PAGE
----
On 21 and 22 March, ICMP personnel together with partners from the relevant authorities, placed fences and warning signs around the main mass gravesites in Sinjar. This is the first time that any form of protection has been provided at these sites. The signs indicate that the gravesites should not be entered “in order to protect evidence and the crime scene to safeguard victims’ rights in international courts”.
ICMP has trained more than 550 Iraqi professionals from the various institutions engaged in the process of accounting for the missing, from across sectarian and national lines. It is now training technicians to begin the process of assistance in locating and accounting for missing persons from Sinjar.
ICMP Director-General Kathryne Bomberger said today that the verdict handed down by the International Criminal Tribunal for the former Yugoslavia in the case of Radovan Karadzic, following legal proceedings that have lasted for more than seven years, is an important affirmation of the rule of law.
Karadzic was convicted of genocide, crimes against humanity and violations of the laws or customs of war and sentenced to 40 years in prison.
He was convicted of genocide in the area of Srebrenica in 1995, of persecution, extermination, murder, deportation, inhumane acts (forcible transfer), terror, unlawful attacks on civilians and hostage-taking. He was acquitted of the charge of genocide in other municipalities in BiH in 1992.
“Those who killed unarmed civilians, and those who consciously created the circumstances that facilitated these crimes, believed they could erase the identity of their victims permanently. They were wrong,” Bomberger said.
Resolving the issue of missing persons is a key element in sustaining reconciliation and stability throughout the region, Matthew Holliday, the Head of ICMP’s Western Balkans Program, said today during a briefing in Pristina for HRH Prince Charles, who was visiting Kosovo as part of a regional tour.
At the briefing, organized at the Presidency/Assembly Building by the Government Commission on Missing Persons in Kosovo, Prince Charles met members of family associations of the missing, as well as officials and representatives of international organizations.
ICMP has worked to address the issue of missing persons in Kosovo since 1999. Since 2003 it has helped the authorities through DNA-based identifications, working initially with the UN Interim Administration (UNMIC) and since September 2008 with the EU Rule of Law Mission (EULEX). Using DNA, ICMP has helped to identify more than 2,500 of the estimated 4,500 missing from…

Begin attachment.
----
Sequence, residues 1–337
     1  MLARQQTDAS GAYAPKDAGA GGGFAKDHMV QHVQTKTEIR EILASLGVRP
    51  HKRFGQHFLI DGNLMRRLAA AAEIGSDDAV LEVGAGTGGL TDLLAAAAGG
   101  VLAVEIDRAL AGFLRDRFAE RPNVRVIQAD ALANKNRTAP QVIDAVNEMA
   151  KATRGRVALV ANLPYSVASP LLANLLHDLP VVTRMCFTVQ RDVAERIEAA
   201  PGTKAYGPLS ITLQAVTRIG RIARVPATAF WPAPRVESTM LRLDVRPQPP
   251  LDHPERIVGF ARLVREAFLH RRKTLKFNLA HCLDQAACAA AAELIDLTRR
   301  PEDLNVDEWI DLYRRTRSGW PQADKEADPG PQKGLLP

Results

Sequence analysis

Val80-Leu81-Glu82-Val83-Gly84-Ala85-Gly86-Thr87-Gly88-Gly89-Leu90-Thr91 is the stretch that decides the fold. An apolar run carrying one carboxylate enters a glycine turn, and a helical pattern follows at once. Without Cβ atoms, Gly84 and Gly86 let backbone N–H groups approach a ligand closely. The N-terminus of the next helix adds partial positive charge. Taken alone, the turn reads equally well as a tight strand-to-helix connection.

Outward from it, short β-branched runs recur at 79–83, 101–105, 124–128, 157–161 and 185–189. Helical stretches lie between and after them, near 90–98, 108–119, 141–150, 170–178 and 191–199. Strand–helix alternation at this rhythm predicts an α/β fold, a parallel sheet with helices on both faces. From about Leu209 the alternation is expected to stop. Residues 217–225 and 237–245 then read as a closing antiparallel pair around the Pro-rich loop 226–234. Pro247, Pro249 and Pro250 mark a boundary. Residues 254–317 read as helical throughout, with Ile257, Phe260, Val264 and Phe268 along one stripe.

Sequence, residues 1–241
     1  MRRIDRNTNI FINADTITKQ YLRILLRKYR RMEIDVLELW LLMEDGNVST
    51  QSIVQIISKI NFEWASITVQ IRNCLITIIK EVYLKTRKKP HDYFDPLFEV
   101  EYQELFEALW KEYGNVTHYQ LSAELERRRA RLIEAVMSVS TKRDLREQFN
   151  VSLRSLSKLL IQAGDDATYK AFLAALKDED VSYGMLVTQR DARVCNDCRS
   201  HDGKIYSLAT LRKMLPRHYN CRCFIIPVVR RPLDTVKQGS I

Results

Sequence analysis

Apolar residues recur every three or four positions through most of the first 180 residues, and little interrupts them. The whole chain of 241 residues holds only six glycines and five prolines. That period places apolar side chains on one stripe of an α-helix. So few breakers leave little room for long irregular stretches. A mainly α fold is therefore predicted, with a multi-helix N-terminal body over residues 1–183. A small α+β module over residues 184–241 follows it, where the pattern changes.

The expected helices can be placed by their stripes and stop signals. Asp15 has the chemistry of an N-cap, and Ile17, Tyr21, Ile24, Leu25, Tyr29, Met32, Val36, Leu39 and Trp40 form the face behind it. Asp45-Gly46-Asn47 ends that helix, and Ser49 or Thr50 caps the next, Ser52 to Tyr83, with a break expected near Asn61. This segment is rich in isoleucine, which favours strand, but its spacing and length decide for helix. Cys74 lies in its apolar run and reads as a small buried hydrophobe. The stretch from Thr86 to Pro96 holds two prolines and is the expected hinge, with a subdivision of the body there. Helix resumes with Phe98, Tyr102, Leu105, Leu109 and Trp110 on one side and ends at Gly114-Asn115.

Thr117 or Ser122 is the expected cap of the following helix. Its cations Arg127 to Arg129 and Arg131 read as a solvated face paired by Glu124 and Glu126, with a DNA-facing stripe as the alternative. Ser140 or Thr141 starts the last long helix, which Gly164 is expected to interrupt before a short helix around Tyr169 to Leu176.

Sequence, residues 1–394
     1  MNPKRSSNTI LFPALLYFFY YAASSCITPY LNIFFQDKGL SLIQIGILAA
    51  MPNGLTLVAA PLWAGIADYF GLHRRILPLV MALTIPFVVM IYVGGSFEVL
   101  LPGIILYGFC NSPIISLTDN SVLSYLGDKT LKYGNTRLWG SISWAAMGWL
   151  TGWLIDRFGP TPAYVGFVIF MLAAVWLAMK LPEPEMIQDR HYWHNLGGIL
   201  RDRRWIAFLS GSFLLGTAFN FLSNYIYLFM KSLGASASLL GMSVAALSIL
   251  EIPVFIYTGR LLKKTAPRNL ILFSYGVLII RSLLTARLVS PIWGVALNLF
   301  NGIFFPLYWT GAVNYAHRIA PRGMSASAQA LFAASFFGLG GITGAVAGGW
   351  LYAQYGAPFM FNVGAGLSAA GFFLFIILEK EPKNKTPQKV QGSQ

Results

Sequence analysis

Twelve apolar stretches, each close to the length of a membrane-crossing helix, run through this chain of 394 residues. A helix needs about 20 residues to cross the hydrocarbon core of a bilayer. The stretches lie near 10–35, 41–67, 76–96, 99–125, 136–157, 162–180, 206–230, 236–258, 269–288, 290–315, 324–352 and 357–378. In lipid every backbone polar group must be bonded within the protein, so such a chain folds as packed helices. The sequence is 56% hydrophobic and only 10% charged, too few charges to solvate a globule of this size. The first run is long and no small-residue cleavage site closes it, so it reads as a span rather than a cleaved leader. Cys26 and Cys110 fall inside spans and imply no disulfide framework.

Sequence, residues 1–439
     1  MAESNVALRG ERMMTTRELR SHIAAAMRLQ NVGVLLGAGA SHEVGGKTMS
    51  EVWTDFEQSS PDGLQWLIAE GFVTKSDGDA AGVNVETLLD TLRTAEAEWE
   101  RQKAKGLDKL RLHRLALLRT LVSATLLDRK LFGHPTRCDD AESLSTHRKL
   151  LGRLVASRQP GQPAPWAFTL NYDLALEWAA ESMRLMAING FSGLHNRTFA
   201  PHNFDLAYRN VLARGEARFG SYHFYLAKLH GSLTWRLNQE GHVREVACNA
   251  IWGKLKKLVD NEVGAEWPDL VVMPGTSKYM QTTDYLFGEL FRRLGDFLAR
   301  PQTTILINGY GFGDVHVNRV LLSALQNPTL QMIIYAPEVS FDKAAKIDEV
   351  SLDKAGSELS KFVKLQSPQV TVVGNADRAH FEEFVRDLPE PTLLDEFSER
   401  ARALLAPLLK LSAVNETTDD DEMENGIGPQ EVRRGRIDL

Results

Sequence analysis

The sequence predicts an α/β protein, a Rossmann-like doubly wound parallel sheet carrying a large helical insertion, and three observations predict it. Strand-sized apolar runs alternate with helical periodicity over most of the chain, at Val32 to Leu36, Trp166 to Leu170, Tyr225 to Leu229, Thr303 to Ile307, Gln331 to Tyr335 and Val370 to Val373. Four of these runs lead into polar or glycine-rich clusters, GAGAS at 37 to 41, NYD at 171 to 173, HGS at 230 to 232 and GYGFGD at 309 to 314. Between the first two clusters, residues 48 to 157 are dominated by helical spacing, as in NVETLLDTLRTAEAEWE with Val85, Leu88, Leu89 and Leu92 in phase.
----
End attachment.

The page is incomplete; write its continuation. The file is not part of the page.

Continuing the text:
The International Commission on Missing Persons (ICMP) and the Guatemalan Forensic Anthropology Foundation (Fundación de Antropología Forense de Guatemala: FAFG) held a roundtable in Trincomalee, Sri Lanka, on Monday to analyze requirements for a systematic and effective process to account for those who are missing as a result of more than 25 years of conflict.
Monday’s event will be followed by a roundtable in Colombo on Thursday. This is part of an initiative organized by a consortium of agencies operating as part of the International Coalition of Sites of Conscience (ICSC). The Roundtables are co-hosted by the Centre for the Promotion and Protection of Human Rights (CPPHR) in Trincomalee and the Centre for Human Rights Development (CHRD) in Colombo.
In November, ICMP and FAFG conducted a series of consultations in Sri Lanka with families of…
Colombia’s Ambassador to the Netherlands, Juan Jose Quintana, today hosted a meeting of diplomats from the Group of Latin American Countries (GRULAC) in The Hague to highlight the work of the International Commission on Missing Persons (ICMP) and to discuss the issue of missing and disappeared persons in the region.
Countries in Latin America face complex challenges related to accounting for missing persons. In some cases the numbers run into the tens of thousands. However, effective strategies have been developed and governments and other stakeholders can address the issue successfully by working with one another and with international agencies, Kathryne Bomberger, the Director-General of the International Commission on Missing Persons, said during the meeting.
She noted that the issue of missing persons is a global challenge. Legislative initiatives that have worked in one country may work in other countries. Also, where the issue is…